"With the capture of our comrade Jesus Santrich, the peace process is at its most critical point and is threatened to be a true failure," said Ivan Marquez, future representative and number two of the FARC, said at a press conference in Bogota last week. He also demanded Colombian President Juan Manuel Santos "keep his word" regarding the peace process.

Interpol's red alert accuse Santrich of participating in the drug trafficking network between June 2017 and April 2018. His defense filed an Habeas Corpus appeal but it was rejected by Bogota's Superior Tribunal.

Also, the activities of groups claiming to be FARC dissidents who oppose the peace agreement and have refused to demobilize, are being used to discredit the peace agreement despite FARC leadership distancing itself from them and rejecting their actions.

One of those groups, the Oliver Sinisterra Front led by Guacho, recently kidnapped and murdered three Ecuadorean journalists reporting on the violence situation on the border between both countries.

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Colombia: Gov't to Meet Peace Sponsor-Nations After FARC Leader Arrest

Added to that, some in the Colombian government claim that the former insurgent group wasn't honest about their assets and accused it of running a money laundering chain of stores, which sparked riots and looting in several cities of Colombia. FARC leadership flatly reject such accusations and said they have made all their assets available and have welcomed any government audits.

According to the communique by Cuba and Norway, the peace process is “living difficult moments,” and reminded that “is important that the involved parties and the international community reaffirm their support to the process and the enforcing and observance of the agreement.”

They also recommended speeding up the actions aimed at guaranteeing the full reintegration and reincorporation of FARC's former fighters into civil society and reiterated their compromise to reach a stable and lasting peace in Colombia.

Gloria Ospina, director of the Colombia in Peace Fund, was dismissed from office on April 9 after being accused of irregularities in managing the economic resources provided by the international community for the peace process.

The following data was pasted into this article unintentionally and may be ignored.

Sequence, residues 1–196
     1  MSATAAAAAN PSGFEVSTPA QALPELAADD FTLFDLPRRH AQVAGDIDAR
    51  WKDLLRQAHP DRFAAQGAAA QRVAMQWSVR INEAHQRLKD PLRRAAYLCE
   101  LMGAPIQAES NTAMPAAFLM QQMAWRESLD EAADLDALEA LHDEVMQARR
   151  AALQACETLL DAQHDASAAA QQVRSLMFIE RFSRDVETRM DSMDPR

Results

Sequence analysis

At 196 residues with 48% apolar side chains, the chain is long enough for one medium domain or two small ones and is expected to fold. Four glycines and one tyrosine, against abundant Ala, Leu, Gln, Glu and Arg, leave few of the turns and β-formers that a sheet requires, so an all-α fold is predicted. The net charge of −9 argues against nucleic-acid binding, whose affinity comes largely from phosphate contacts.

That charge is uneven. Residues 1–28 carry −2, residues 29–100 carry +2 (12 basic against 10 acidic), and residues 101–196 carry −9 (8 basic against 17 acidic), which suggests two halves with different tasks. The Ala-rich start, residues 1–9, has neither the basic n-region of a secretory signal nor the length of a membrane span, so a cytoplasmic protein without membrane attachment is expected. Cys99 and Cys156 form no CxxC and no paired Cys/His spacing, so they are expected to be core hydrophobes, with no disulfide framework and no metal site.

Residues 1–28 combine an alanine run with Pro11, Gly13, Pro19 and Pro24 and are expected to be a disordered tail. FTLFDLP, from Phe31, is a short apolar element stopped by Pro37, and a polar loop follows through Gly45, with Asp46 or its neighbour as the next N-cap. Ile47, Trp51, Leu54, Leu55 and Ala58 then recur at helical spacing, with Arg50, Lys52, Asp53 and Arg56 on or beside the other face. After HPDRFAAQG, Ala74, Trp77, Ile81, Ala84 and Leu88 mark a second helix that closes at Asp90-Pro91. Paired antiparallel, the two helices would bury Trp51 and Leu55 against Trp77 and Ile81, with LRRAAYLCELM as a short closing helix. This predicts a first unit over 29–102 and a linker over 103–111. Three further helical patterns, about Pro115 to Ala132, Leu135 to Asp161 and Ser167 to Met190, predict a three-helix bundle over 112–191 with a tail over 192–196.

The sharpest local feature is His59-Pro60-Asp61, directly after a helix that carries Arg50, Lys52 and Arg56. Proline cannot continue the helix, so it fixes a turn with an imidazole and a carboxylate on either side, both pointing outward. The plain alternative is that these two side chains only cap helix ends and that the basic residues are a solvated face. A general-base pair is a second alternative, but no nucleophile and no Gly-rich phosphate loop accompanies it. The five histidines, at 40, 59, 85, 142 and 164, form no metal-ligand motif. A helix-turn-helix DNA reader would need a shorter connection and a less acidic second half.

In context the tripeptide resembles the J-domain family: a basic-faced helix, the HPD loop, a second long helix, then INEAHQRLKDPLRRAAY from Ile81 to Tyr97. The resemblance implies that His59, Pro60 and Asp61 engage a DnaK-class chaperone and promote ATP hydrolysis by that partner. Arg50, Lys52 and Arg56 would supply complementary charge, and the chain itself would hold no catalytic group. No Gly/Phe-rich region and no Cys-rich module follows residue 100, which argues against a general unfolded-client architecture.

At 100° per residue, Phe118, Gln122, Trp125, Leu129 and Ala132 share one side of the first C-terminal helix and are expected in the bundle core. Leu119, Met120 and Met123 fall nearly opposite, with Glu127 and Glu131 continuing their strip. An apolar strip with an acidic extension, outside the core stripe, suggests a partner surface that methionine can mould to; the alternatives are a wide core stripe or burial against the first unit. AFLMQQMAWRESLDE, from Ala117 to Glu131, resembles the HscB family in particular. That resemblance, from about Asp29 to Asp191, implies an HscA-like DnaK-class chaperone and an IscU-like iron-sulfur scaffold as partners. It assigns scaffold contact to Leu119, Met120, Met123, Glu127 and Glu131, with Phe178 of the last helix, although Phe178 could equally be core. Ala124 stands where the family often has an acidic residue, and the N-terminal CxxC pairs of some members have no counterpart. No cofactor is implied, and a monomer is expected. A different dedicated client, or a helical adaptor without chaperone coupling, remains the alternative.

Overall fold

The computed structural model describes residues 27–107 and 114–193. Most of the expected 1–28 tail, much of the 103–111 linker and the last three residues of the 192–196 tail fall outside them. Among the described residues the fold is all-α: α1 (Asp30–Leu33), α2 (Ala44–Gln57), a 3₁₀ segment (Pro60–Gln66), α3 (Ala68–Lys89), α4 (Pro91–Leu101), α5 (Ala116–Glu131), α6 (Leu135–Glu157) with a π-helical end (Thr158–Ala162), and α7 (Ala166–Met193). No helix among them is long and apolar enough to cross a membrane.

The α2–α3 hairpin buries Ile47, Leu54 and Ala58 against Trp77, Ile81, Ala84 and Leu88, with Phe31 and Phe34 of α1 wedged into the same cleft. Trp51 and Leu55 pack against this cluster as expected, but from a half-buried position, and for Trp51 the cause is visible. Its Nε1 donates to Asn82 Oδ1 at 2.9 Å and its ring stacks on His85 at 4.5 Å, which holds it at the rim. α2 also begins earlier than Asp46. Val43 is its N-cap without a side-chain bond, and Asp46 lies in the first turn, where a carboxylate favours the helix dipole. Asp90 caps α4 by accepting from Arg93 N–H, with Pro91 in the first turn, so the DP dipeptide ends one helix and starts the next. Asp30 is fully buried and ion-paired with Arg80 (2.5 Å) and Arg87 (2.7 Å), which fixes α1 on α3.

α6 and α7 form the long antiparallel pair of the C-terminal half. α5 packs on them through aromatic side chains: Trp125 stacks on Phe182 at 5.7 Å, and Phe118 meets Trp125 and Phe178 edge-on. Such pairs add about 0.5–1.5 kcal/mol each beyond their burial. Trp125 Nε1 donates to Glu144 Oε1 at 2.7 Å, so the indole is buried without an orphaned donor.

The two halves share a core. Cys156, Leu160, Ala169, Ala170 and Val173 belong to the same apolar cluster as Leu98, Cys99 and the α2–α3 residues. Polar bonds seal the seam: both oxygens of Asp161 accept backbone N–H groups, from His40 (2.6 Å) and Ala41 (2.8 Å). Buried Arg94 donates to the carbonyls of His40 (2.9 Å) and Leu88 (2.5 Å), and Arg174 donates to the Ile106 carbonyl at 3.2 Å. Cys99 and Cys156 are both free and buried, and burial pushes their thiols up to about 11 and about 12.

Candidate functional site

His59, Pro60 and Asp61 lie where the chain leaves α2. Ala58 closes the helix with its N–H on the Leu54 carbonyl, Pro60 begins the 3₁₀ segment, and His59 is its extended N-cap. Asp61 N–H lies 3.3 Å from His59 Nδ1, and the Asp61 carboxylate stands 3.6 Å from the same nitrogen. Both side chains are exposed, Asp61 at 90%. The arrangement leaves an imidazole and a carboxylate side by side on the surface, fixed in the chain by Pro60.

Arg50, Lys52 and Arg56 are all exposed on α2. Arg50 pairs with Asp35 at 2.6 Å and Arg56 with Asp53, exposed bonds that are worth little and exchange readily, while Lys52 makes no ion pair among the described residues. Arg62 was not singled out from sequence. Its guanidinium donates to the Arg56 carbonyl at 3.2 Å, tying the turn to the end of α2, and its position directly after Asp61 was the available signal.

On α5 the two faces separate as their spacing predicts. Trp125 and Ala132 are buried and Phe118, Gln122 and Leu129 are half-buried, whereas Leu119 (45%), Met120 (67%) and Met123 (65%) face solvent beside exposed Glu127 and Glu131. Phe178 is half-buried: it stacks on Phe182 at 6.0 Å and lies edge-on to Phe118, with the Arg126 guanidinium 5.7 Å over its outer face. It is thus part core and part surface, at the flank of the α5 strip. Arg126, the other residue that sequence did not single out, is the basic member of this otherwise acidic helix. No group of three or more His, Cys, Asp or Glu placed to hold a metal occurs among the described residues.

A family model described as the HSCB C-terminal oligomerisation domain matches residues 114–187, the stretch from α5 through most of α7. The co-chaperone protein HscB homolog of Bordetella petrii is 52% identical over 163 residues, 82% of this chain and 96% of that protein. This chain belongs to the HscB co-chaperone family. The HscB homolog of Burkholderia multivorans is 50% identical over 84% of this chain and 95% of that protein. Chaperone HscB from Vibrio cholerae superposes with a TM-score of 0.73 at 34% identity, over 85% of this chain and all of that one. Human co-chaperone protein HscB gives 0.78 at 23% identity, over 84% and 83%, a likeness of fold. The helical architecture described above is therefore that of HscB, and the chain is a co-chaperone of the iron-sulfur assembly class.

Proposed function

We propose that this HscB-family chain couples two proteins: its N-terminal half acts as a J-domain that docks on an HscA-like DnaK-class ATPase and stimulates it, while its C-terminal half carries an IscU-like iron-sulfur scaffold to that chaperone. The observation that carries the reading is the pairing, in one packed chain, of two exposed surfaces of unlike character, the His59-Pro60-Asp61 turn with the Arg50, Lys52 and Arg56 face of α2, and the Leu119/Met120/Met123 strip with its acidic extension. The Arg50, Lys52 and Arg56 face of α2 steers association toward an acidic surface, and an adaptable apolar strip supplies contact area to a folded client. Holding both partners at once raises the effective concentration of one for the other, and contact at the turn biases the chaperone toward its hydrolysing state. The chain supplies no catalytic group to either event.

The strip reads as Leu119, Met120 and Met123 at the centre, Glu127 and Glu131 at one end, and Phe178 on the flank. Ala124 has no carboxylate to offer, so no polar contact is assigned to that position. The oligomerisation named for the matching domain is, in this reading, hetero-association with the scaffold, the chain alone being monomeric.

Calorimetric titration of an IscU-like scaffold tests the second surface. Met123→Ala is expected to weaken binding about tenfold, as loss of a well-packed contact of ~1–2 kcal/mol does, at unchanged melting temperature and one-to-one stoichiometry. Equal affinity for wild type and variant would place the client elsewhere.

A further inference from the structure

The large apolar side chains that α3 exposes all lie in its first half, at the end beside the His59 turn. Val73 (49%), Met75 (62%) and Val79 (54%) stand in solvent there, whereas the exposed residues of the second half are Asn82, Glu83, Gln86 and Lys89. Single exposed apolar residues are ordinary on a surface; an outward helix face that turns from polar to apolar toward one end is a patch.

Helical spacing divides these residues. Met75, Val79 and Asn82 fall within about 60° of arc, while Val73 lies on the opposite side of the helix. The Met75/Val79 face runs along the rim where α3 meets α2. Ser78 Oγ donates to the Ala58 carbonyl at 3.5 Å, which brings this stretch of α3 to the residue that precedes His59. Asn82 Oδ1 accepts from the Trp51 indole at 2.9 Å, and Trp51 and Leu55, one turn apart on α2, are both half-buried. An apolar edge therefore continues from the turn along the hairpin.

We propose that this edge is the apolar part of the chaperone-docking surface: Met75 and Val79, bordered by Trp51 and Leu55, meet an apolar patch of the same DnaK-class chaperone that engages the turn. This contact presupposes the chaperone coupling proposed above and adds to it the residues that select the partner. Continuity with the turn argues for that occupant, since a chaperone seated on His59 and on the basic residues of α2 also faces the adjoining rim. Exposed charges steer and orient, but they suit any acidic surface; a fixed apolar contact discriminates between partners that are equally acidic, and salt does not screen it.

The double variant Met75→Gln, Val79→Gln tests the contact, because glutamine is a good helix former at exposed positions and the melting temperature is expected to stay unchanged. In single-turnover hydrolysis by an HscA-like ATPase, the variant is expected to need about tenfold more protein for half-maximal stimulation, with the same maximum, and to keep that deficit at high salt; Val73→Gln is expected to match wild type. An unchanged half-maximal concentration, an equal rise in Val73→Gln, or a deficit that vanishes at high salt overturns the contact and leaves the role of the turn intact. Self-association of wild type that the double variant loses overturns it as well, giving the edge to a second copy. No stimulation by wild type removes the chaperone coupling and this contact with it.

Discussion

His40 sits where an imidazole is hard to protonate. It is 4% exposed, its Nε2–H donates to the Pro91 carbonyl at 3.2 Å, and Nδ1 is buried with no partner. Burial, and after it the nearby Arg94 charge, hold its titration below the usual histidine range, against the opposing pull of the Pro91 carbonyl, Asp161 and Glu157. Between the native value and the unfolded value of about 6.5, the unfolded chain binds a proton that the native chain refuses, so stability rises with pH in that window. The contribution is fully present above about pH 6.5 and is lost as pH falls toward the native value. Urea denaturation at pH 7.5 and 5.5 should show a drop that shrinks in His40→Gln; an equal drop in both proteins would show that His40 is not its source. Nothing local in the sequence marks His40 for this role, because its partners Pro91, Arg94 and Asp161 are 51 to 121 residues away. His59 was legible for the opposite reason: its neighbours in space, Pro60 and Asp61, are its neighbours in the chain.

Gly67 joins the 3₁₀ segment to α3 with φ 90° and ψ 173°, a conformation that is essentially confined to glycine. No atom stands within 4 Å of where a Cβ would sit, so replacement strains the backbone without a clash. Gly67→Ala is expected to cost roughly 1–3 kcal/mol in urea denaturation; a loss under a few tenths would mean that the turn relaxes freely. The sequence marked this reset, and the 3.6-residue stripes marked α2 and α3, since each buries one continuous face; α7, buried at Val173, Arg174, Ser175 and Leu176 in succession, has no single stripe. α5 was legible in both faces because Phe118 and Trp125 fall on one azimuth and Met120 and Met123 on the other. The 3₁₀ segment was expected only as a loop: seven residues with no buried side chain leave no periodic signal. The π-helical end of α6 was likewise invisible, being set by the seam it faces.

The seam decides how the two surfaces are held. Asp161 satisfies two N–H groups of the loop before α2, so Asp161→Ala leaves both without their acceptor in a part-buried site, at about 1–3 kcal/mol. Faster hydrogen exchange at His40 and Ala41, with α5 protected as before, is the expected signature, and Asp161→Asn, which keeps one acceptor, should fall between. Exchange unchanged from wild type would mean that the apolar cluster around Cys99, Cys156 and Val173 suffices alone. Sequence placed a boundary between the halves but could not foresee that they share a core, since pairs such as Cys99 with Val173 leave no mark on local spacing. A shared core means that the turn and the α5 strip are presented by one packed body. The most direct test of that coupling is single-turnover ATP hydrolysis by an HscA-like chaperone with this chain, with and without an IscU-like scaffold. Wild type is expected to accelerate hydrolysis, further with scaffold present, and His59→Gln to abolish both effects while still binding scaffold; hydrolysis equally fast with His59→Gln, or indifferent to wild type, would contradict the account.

The peace process has been heavily politicized and is one of the main discussion points for all candidates in the May 27 presidential elections. Most of them support the continuance of the process, including leftist Gustavo Petro, but the right-wing protegee of Alvaro Uribe, Ivan Duque, has said the agreement needs serious restructuring.

  • Published in Cuba

Bogota: Trump hurts Cuban pockets deeply

Donald Trump's Havana policy has another pretty negative aspect: multiple expenses imposed on those who must firstly travel to Colombia aimed at carrying out visa procedures to reach the United States.

El Nuevo Herald journalist Catalina Ruiz Parra narrated on Wednesday the odyssey suffered by those people to obtain it.

The main concern of those travelers lies in the high costs imposed on them.

For example, the consular authorities request their hotel booking in Bogota and their last six months bank statements with a minimum balance of $2,000.

In addition, they must pay their food and transportation expenses for a nearly 3-week stay, because it is mandatory to arrive 10 days before the interview.

The Herald journalist said that “the visa study” in the US embassy in Bogota costs $52 and if it is approved, there is another $82 charge.

In the face of the scene described, some hotels and private citizens offer those Cubans less expensive options.

Add to this that they must pay for travel insurance covering accident, disease and baggage loss, as well as lab tests, medical appointment, fingerprinting, interview and passport/visa collection.

It also includes the amount of $820 for one or two people and a 10-day stay.

Journalist Catalina Ruiz Parra warns in her article that “travelers must verify the information well before choosing any option to avoid being victim of a scam”.

Hence here another example of how those who have been advising Donald Trump's Cuba policy express their irrational and clumsy performance.

One of them, Marco Rubio, Florida's far-right Republican senator.

Translated by Jorge Mesa Benjamin / Cubasi Translation Staff

 

  • Published in Specials

Life and Works of Legendary Gabriel Garcia Marquez Digitalized, Now Freely Available

Marquez was introduced to Marxist teachings while he was in secondary school in Zipaquira, where teachers had been taught Marxist theory under President Alfonso Lopez’s leftist government of the 1930s.